Global four major iron ore producers sign contracts with Chinese ports on business involving spot trade yuan settlement
Published: Mar 03, 2023 02:21 PM
Iron ore Photo:VCG

Iron ore Photo:VCG

One of the global four major iron ore producers has signed contracts with Shandong ports, which account for roughly one fourth of China's annual iron ore throughput, on settling the spot trade of iron ore in yuan this year, the Global Times learned. As such, all the global four major iron ore producers are now cooperating with the Chinese ports to settle spot trade in yuan.

Industry insiders said the trend mirrors the steady rise in the pricing power of China, the world's largest buyer of iron ore, amid the development of China's bulk commodity trade exchanges and multiple measures to elevate the country's collective negotiation power in the global market.

But they noted that spot trade is just the first step in expanding yuan's pricing power, and it is hoped that the yuan's settlement could also gain traction in long-term contracts, a major form of bulk commodity trade by large steel enterprises which is currently settled mainly in dollars.

"An Australian mining firm started yuan-based spot trade [of iron ore] last year, and we signed contracts directly with the company this year on such business. That also means that all 'global four iron ore mines' (Brazil's Vale, Australia's BHP, FMG and Rio Tinto) have begun using yuan as a settlement currency for in spot trade in Chinese ports," an industry insider at Shandong Port Group told the Global Times.

He stressed that it is a significant step in China's expanding pricing power in global market, as a result of Chinese ports' effort and government's active facilitation.

China is the world's largest importer of iron ore. In 2022, China's imports of iron ore dropped 1.5 percent year-on-year to 1.11 tons, customs data showed. But analysts expect the volume of iron ore imports could gain this year, fueled by a swift economic rebound that drives up the demand. And that is also likely to lift imports from Australia, whose economic ties with China have been improving amid a thaw in bilateral relations.

According to the industry insider, iron ore shipment from Australia now accounts for about 60 percent of China's total, while Brazil accounts for 30 percent.

In July, BHP's first shipment of yuan-based spot trade iron ore docked at Rizhao port, China's major iron ore trading port in East China's Shandong Province. It also made Rizhao the first Chinese port that supports spot trade of "all global four iron ore producers."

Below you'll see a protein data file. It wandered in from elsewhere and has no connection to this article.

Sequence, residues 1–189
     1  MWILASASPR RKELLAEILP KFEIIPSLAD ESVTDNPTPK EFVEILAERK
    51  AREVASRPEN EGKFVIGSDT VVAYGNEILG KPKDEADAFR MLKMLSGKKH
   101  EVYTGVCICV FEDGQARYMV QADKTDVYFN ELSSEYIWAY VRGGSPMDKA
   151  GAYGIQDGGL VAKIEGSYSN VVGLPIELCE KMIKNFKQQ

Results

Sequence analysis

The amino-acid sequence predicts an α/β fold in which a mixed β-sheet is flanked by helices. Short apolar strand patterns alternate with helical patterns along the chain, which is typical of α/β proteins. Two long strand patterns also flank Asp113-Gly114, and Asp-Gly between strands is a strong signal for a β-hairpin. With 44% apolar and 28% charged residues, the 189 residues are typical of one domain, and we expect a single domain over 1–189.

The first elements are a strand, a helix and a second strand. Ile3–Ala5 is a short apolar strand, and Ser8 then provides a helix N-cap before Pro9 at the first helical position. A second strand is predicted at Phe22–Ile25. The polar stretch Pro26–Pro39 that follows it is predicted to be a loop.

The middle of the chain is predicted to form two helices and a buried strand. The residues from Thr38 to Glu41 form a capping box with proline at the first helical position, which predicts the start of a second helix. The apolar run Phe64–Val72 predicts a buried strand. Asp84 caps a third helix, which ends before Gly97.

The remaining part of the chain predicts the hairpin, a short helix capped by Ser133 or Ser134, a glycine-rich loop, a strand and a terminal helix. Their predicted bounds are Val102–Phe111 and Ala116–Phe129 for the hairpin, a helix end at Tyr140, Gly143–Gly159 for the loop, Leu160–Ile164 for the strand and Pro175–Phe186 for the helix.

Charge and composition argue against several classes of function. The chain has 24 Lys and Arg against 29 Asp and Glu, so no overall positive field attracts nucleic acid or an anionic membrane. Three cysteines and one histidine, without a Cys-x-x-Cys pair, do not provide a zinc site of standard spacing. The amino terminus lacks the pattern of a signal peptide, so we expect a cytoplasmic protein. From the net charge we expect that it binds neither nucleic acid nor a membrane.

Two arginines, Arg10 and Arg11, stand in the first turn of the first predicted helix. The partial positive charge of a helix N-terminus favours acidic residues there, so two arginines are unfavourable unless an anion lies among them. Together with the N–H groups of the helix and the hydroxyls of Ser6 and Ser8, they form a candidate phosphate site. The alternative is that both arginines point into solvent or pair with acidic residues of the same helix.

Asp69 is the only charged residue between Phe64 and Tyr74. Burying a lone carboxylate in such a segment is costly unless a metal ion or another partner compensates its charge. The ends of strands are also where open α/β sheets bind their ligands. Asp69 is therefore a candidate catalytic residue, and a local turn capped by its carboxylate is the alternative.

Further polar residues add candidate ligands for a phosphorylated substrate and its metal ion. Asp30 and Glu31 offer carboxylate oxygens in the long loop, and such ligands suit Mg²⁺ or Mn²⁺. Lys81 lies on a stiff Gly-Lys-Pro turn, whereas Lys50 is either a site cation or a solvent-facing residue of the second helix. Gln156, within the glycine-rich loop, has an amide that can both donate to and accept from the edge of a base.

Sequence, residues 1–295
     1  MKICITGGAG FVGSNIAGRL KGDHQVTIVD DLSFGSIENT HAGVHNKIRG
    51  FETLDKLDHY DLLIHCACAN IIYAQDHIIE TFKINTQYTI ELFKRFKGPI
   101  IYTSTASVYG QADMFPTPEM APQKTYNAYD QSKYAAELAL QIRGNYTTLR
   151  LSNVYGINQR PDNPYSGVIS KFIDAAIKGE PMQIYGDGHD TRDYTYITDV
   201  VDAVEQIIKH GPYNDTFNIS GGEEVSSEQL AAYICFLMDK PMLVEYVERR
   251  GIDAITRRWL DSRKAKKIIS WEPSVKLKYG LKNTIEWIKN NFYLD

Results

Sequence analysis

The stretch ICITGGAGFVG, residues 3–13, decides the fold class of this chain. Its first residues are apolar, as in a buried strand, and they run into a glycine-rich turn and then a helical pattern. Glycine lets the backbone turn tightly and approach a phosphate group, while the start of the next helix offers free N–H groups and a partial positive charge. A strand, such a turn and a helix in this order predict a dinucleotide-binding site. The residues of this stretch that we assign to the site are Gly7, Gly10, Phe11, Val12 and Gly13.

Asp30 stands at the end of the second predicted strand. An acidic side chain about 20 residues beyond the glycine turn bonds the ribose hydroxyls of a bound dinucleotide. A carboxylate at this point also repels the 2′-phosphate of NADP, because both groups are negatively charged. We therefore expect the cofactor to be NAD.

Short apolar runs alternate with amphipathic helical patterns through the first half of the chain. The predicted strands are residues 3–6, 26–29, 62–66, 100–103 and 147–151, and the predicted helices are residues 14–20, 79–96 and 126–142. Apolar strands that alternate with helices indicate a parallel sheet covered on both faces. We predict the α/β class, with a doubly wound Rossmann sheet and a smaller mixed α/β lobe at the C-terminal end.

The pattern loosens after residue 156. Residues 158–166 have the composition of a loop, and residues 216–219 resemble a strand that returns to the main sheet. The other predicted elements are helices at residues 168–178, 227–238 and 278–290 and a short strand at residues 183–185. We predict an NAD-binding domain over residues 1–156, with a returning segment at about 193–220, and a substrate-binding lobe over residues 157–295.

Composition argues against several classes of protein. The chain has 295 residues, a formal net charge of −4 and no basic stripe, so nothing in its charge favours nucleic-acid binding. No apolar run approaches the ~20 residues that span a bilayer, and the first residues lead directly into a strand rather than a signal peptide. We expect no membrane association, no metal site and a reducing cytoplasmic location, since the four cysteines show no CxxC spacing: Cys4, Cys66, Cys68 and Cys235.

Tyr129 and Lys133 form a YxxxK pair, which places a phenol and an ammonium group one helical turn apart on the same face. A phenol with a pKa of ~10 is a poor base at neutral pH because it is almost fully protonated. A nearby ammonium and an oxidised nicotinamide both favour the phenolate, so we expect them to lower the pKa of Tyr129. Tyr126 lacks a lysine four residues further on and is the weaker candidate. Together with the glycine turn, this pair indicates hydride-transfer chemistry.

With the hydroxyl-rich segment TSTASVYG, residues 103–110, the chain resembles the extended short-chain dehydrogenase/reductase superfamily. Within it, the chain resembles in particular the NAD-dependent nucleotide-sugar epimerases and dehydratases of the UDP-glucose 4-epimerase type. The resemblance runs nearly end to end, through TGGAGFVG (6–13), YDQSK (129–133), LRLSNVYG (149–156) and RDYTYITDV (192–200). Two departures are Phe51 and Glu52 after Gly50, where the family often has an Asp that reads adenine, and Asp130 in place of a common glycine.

Overseas mines carrying out yuan settlement for spot trades at ports is helpful for the wider application of the yuan in commodity settlement and reduces the use of the greenback amid possible economic risks brought by huge exchange rate fluctuations to Chinese steel enterprises, the Shandong Port Group said in a statement sent to the Global Times.

"In the past, the Platts Iron Ore Index [by S&P Global Commodity Insights] is the benchmark price for iron ore trade, but the influence of Chinese markets has been growing in the global market, where global sellers also would refer to indexes issued by Chinese exchanges," Sun Wenfei, who is in charge of the transaction settlement department at the Shandong Board of Trade, based in Rizhao, told the Global Times on Thursday.

Shandong Board of Trade is a bulk commodity trade exchange that provides spot trade transaction covering 12 types of bulk commodities, including iron ore, coal, steel and rubber. The development of the exchange is conducive for the building of yuan pricing center for certain bulk commodities, analysts said.

Industry insiders pointed out that moving forward, Chinese companies should actively promote adopting yuan as the pricing currency for long-term contracts, which indicate that iron ore producers could have accepted the price formed by Chinese market and thus carries more weight in elevating the country's pricing power.

In July 2022, China Mineral Resources Group was set up in Xiongan New Area, North China's Hebei Province, a long-awaited move that would give China a bigger say in iron ore pricing by leveraging the country's strength as the world's largest consumer of iron ore.